Low cervix menstrual cup or disc?
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Low Cervix: Do I Use a Menstrual Cup or Disc?

Depending on your cervix height, menstrual cups might be a perfect fit. On the other hand, with a low cervix, a menstrual cup might protrude beyond the labia and cause irritation. If you have a lower cervix, you might instead find you prefer the fit of a menstrual disc.

In this article /

    The cervix sits at the base of the uterus and at the top of the vaginal canal. It is the connective opening of the uterus into the vagina. Depending on the height of your cervix, menstrual cups might not be a great fit for you – although there are some adjustments you can make, like trimming the stem. Menstrual discs are also a great option!

    Cervix Height

    The average cervix height is between 45-55mm or 1.8”-2.25”. Cervix height reflects the distance from the vaginal opening to the tip of the cervix, as it protrudes into the vaginal cavity. The tip of the vaginal portion of the cervix hangs into the vaginal cavity – it is the sphincter of the uterus.  
    Cervix height is not to be confused with cervix length. The cervix is a long cylindrical cavity portion of the lower part of the uterus. It is roughly 2-3 cm long and it descends into the vaginal cavity. The vaginal portion of the cervix lifts and lowers depending on which phase of the menstrual cycle you are in. The cervix length is the measurement of the long cylindrical cavity at the lower part of the uterus.

    How to measure cervix height
    How to measure your cervix height.

    How to Measure Your Cervix Height

    Cervix height measuring is done by inserting your index finger into your vagina and feeling for the tip of your cervix – it feels like the tip of a nose.

    Step 1: Touch your finger to this round soft point and make note of how far your finger is inserted.

    Step 2: Compare the amount of your index finger that could be inserted with a measuring tape. This is how many centimeters/inches up your cervix is.

    The best time to measure cervix height is during your period when cervix height will be at its lowest.

    Step 3: To get an exact measurement, measure cervix height on the first and last day of your period. Note the shortest length. This measurement, in either millimeters or inches, is the height of your cervix.

    You might also determine that you have a lower cervix height through trial and error with a menstrual cup. Some symptoms of low cervix height include feeling as though you hit a “wall” when trying to insert your cup, feeling that it is too long or big to fit in, or that your cup protrudes beyond the vaginal opening leading to irritation. 
    If you experience any of these symptoms, reach out to our Consumer Experience Team for support. If you haven’t tried a cup or a disc before, measure cervix height before selecting the period product for you.

    The Cervix and Menstrual Cups

    A high cervix range is 55mm (2.25”) and more. Having a high or average height cervix (45-55mm/1.8”-2.25”) works well with a menstrual cup that has a longer catch basin.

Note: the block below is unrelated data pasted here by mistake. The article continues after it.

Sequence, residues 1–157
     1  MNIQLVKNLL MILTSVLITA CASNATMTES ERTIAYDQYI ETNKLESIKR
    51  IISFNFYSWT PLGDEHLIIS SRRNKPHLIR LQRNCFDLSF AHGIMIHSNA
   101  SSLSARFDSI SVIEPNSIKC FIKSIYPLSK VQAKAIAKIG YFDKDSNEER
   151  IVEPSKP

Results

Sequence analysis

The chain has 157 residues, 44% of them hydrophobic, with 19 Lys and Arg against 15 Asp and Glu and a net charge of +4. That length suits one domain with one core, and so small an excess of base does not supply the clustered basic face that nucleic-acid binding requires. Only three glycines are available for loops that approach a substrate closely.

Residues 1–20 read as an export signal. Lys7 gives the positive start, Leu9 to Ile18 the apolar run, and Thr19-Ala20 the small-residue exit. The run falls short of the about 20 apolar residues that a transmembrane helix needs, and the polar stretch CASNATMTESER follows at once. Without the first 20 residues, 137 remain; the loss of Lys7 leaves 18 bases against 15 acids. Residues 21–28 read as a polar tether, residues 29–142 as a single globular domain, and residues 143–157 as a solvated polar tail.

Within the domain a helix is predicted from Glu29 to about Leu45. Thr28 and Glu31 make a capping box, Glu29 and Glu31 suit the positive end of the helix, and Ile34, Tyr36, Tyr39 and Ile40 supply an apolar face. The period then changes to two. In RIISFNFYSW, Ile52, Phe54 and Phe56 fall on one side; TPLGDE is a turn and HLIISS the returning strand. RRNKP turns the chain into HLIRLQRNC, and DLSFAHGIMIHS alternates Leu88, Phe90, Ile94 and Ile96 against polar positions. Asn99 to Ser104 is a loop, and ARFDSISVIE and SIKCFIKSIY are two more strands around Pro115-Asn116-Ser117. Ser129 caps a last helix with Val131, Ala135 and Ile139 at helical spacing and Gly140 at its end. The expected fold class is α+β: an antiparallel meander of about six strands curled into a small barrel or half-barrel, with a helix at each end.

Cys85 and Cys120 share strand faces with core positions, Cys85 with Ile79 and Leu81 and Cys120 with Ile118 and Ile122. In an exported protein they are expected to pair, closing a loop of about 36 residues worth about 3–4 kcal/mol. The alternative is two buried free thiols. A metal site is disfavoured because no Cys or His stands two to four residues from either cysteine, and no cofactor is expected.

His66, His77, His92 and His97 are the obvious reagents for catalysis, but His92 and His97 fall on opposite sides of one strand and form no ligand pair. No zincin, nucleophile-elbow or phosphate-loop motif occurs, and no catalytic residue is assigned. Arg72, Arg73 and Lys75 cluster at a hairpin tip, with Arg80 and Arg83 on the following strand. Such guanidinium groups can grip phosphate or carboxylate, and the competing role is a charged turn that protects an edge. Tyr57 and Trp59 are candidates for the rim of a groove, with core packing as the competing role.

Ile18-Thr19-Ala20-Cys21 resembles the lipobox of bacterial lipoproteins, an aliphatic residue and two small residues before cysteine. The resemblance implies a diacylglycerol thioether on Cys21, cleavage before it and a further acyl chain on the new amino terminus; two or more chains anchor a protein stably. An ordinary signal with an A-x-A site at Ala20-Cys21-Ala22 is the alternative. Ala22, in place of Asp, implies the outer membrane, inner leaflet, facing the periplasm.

low, medium or high cervix height

    Cervix heights and menstrual cups.

    If you’re inserting a DivaCup, wash your hands and take a comfortable position sitting on the toilet. After folding your cup, insert it gently into your vagina until the stem is no longer sticking out beyond the vaginal opening. Once inside, rotate and unfold, allowing it to be held in place by the vaginal walls. Menstrual blood will collect here, low in the vaginal canal. If it inserts and sits comfortably, but the stem sticks out beyond the labia, you can trim the stem for comfort. 
    The DivaCup sits below the cervix, in the vaginal canal and is held in place by the vaginal walls. If you have an average or higher cervix, there should be room for it to sit comfortably in the vaginal canal without extending beyond the vaginal opening. It comes in three different sizes; Model 0, Model 1, and Model 2 to match the width of your vaginal canal and flow volume.  
    Using a menstrual cup with a low cervix might feel like your cup is sitting lower and sticking out beyond the labia. This might cause irritation in and around the vaginal opening. If you are experiencing any of these symptoms, you might try a menstrual disc instead.

    How To Insert a Menstrual Disc

    If you have a lower cervix height (44mm or 1.4” or less), a menstrual disc is a great option. It has a shallow catch basin and sits higher up, beyond the vaginal canal, around the cervix in the vaginal fornix.  
    You can also try inserting the Diva Disc while in the shower to help relax your body. Standing up with a leg propped up on the side of the bathtub is also an option. 
    After folding the Diva Disc, insert it lengthwise, pushing the disc through the vaginal opening and vaginal canal, and positioning it in the vaginal fornix. Insert with the front edge of your disc with the anti-slip pull-tab pointing away from your body, so that it’s easy to reach during removal. Make sure that the disc is pushed back as far as it can comfortably go. To avoid leaks, the disc must sit around the cervix, back far enough that it is fully covering the cervix.

    You’ll know your disc is in place when the front rim of the disc has been pushed up and tucked securely behind the pubic bone. Once in position, you shouldn’t feel it. The Diva Disc can be worn for up to 12 hours of continuous protection – just like the Diva Cup. 

    How Do I Choose Between a DivaCup and Diva Disc?

    Our anatomy is unique to us, and depending on cervix height, you may need to try different options. Measure cervix height, take note of flow volume (light, medium, or heavy) and assess your options. You will find your fit in no time!  
    We’ve been so excited to release the Diva Disc, because it means more comfortable, reusable period care options to best suit your needs!